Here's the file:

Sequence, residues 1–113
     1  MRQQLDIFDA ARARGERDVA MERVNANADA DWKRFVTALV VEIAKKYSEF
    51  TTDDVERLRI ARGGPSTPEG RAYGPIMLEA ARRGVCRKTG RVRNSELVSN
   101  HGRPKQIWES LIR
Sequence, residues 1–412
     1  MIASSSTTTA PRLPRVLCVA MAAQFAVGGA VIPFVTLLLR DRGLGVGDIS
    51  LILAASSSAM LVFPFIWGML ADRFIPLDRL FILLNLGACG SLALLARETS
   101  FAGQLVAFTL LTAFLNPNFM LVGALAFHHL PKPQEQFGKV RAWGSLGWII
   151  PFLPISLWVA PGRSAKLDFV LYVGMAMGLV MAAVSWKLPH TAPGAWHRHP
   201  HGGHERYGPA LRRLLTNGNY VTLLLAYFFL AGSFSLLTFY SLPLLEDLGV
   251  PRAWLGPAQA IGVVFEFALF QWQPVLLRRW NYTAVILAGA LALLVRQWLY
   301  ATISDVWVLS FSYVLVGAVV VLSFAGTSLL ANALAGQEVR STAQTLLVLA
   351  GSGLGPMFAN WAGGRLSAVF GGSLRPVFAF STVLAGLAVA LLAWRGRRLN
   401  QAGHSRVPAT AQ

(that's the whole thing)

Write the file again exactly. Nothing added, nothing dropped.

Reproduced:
Sequence, residues 1–113
     1  MRQQLDIFDA ARARGERDVA MERVNANADA DWKRFVTALV VEIAKKYSEF
    51  TTDDVERLRI ARGGPSTPEG RAYGPIMLEA ARRGVCRKTG RVRNSELVSN
   101  HGRPKQIWES LIR
Sequence, residues 1–412
     1  MIASSSTTTA PRLPRVLCVA MAAQFAVGGA VIPFVTLLLR DRGLGVGDIS
    51  LILAASSSAM LVFPFIWGML ADRFIPLDRL FILLNLGACG SLALLARETS
   101  FAGQLVAFTL LTAFLNPNFM LVGALAFHHL PKPQEQFGKV RAWGSLGWII
   151  PFLPISLWVA PGRSAKLDFV LYVGMAMGLV MAAVSWKLPH TAPGAWHRHP
   201  HGGHERYGPA LRRLLTNGNY VTLLLAYFFL AGSFSLLTFY SLPLLEDLGV
   251  PRAWLGPAQA IGVVFEFALF QWQPVLLRRW NYTAVILAGA LALLVRQWLY
   301  ATISDVWVLS FSYVLVGAVV VLSFAGTSLL ANALAGQEVR STAQTLLVLA
   351  GSGLGPMFAN WAGGRLSAVF GGSLRPVFAF STVLAGLAVA LLAWRGRRLN
   401  QAGHSRVPAT AQ